The current process is calling sp_readerrorlog every 5 minutes (every record), parsing the entire data set then filtering out the existing records before inserting into a log table in the database. Because he was using osql to execute, the parsing of the data was quite complex and unwieldy.

Instead of osql, I opted to write a stored procedure to select through a linked server to the servers remote servers to be monitored. I won't cover the creation of linked servers in this article, but it could be simply automated to check for the existence of a linked server with the name of the server you want to monitor and create it if it doesn't exist.

A few things before getting started: you will want to make sure your security is correct for your linked servers (meaning you probably want to make sure your SPNs are configured correctly: Register a Service Principal Name for Kerberos Connections. And you might have issues with MSDTC if not correctly configured: Troubleshooting Problems with MSDTC.

So let's get into the meat of the process. A table called sqlErrorLog exists with the following schema:

CREATE TABLE [dbo].[SQLErrorLog]( 
   [SQLErrorLogID] [int] IDENTITY(1,1) NOT NULL, 
   [LogDate] [datetime] NOT NULL, 
   [ServerName] [varchar](255) NOT NULL, 
   [ProcessInfo] [varchar](100) NULL, 
   [Text] [varchar](8000) NULL, 
   [LogDate] ASC, 
   [ServerName] ASC, 
   [SQLErrorLogID] ASC 


Frankly I hate the design, no foreign key, bad column names. I recommend creating a primary key on ymd, serverName and ukey in that order. I didn't have that luxury as this was a third party application. If you would like to change the column names 


-- SELECT TOP 10000 * from sqlErrorLog el ORDER BY LogDate desc 
-- exec dbo.PopulateErrorLogByServerName 'LOCAL' 
ALTER PROCEDURE dbo.PopulateErrorLogByServerName ( 
   @servername varchar(100)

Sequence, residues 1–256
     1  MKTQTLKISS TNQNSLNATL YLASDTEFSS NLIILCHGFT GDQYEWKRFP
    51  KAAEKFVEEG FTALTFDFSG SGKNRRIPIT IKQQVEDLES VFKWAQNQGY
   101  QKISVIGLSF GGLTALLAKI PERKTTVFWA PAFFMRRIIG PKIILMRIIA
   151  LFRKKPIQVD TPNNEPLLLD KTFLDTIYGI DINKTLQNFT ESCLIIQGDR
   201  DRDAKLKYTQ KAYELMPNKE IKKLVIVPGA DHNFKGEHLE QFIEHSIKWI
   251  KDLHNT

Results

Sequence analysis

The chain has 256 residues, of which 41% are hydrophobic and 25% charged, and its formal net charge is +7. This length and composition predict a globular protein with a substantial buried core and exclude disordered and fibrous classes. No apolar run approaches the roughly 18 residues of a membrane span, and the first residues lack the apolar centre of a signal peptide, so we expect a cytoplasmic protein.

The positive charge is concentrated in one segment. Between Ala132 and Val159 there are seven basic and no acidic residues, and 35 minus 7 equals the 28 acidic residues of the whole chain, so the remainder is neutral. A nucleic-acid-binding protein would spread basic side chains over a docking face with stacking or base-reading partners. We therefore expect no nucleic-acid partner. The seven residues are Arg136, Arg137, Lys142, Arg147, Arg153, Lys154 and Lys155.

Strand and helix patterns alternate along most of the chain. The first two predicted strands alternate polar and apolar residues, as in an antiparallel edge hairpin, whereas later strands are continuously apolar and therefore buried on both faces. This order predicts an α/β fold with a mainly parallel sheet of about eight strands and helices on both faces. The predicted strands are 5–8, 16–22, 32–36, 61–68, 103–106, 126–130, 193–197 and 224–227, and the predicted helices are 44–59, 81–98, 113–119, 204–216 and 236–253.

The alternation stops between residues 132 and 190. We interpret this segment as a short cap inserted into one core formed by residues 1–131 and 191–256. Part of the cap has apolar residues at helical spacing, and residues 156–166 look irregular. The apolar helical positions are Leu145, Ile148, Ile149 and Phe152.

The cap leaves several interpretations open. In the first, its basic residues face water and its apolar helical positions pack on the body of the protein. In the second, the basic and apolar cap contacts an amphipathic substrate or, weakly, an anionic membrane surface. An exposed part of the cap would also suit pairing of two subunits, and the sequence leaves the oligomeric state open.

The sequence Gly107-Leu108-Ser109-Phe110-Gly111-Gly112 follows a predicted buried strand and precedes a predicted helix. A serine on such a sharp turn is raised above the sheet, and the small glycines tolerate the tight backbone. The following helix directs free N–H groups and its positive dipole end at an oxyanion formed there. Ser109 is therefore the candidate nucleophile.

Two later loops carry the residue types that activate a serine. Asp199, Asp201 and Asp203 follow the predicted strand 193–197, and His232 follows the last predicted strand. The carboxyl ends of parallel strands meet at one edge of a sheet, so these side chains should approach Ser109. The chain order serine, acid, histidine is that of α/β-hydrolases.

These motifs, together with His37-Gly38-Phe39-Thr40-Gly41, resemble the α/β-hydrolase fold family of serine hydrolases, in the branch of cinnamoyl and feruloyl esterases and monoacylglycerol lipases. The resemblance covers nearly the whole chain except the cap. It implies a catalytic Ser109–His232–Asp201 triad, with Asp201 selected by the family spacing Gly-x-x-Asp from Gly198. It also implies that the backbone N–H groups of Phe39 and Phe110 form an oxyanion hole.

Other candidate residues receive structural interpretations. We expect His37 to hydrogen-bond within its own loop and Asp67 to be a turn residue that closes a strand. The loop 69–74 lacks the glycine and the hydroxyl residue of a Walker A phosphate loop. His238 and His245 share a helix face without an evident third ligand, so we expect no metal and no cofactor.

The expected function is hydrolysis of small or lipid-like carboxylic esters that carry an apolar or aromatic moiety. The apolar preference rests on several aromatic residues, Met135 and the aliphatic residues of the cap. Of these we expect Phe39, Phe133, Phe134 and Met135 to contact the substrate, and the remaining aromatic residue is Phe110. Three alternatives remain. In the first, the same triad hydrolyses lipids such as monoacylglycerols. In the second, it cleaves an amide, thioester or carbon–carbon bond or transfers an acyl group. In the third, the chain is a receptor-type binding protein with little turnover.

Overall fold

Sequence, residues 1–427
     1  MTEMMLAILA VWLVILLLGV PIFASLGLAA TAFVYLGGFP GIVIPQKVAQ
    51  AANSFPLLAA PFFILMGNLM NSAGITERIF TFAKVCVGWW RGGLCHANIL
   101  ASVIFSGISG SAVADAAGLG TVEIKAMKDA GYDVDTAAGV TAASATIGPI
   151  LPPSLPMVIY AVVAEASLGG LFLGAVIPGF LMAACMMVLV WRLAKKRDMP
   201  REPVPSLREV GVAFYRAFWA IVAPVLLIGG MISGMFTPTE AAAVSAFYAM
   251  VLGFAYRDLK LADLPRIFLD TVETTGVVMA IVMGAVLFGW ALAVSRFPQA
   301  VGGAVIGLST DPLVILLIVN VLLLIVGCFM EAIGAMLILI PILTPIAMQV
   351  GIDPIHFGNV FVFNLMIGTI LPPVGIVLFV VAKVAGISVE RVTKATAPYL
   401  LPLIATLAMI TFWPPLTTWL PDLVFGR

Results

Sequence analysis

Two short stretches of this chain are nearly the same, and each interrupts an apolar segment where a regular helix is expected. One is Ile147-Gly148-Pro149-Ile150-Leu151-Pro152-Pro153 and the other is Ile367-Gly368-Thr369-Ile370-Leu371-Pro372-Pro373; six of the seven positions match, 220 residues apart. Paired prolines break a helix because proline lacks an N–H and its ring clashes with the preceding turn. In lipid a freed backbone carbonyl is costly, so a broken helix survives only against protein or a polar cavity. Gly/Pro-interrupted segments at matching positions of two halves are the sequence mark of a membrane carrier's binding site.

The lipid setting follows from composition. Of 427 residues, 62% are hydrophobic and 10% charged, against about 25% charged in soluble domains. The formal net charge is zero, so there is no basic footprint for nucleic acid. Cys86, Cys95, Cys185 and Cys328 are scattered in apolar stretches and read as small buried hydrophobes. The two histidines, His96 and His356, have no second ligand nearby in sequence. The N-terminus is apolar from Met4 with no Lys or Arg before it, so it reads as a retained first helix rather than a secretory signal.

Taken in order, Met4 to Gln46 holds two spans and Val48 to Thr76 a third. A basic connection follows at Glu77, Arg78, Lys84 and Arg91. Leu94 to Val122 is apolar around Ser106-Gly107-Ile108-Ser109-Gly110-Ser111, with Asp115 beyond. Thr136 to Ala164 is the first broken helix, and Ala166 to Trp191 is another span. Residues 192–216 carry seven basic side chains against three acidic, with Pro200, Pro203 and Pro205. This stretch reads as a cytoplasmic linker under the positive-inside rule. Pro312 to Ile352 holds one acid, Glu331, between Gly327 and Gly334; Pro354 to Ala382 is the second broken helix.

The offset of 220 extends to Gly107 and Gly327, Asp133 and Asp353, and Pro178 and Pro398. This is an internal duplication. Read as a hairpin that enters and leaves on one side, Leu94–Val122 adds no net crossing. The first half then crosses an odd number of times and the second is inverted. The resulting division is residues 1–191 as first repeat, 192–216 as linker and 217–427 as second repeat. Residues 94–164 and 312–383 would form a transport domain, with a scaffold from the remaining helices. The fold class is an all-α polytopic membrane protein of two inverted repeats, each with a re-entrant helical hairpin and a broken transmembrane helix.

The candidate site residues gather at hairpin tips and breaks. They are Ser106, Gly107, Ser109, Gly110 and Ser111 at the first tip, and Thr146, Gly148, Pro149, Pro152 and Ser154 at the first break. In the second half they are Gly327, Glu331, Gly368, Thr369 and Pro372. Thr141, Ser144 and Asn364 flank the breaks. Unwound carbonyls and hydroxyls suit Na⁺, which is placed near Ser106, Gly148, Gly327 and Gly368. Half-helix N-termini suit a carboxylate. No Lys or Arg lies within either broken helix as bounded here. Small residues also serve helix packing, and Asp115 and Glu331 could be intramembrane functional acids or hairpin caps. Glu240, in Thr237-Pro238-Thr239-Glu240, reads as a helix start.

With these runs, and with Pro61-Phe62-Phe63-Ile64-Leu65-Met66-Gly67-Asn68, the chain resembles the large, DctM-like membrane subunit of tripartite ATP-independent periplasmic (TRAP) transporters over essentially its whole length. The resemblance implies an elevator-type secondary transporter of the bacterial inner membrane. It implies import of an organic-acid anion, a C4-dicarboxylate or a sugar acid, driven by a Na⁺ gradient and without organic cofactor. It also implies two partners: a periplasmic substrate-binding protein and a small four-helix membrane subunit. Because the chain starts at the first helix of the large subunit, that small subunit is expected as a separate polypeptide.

--IF OBJECT_ID(N'tempdb..#ErrorLogs') IS NOT NULL 
   --   DROP TABLE #ErrorLogs 
   --IF OBJECT_ID(N'tempdb..#ErrorLog') IS NOT NULL 
   --   DROP TABLE #ErrorLog 
   -- Create Temp Tables used for processing errorlog records 
   CREATE TABLE #ErrorLogs ([Archive #] smallint, [Date] datetime, [Log File Size (Byte] int) 
   CREATE TABLE #ErrorLog (ID int IDENTITY(1,1), LogDate datetime, ProcessInfo varchar(25), [Text] varchar(max), [ServerName] varchar(256)) 
   -- Variable declaration 
   DECLARE @curDate datetime = getdate()    
   DECLARE @date nvarchar(20) = convert(varchar(20),@curDate,20) 
   DECLARE @datestart nvarchar(20)  
   DECLARE @maxdate datetime 
   DECLARE @FileNum tinyint 
   DECLARE @ExecString nvarchar(1000) 
   DECLARE @ParameterDefinition nvarchar(2000) = N'@FileNum tinyint, @datestart nvarchar(20), @date nvarchar(20)' 
   PRINT @ExecString 
    SET @ExecString = N'[' + @servername + '].[master].[sys].[xp_enumerrorlogs]' 
   -- Get list of errorlogs 
   INSERT INTO #ErrorLogs 
   EXECUTE sp_executesql @ExecString 
   SELECT @maxdate = max(LogDate) 
   FROM dbo.sqlErrorLog sel 
   WHERE serverName = @servername 
   IF @maxdate IS NULL 
   SELECT @maxdate = min(Date) FROM #ErrorLogs sel 
   SELECT @datestart = convert(varchar(20),@maxdate,20) -- format for execution 
   SELECT TOP 1 @FileNum = [Archive #] 
   FROM #ErrorLogs  
   WHERE Date <= @maxdate 
   ORDER BY Date desc 
   -- Loop through files if errorlog has been cycled (or missed) 
   WHILE @FileNum Is NOT NULL 
   set @datestart = @maxdate 
   SET @ExecString = N'[' + @servername + '].[master].[sys].[xp_readerrorlog] @FileNum,1,null,null, @datestart,@date,''asc''' 
   INSERT INTO #ErrorLog (LogDate, ProcessInfo, [Text]) 
   EXECUTE sp_executesql @ExecString, @ParameterDefinition, @FileNum, @datestart, @date  
   UPDATE el 
   SET [ServerName] = @servername 
   FROM #ErrorLog el 
   WHERE [ServerName] IS NULL 
   SELECT @FileNum = MAX([Archive #]) 
   FROM #ErrorLogs  
   WHERE [Archive #] < @FileNum 
   -- Populate sqlErrorLog with records that do not exist 
   INSERT INTO sqlErrorLog ( LogDate  , ProcessInfo  ,Text,ServerName) 
   SELECT el.LogDate, el.ProcessInfo, LEFT(el.Text,8000), el.ServerName 
   FROM #ErrorLog el  
   LEFT JOIN dbo.sqlErrorLog sel 
   ON el.LogDate = sel.LogDate 
   AND el.ServerName = sel.ServerName 
   AND el.ProcessInfo = sel.ProcessInfo 
   AND el.Text = sel.Text 
   WHERE sel.LogDate IS NULL 
   IF @ROWS > 0 
   PRINT CAST(@ROWS as varchar(8)) + ' Records Added' 
   PRINT '0 Records Added'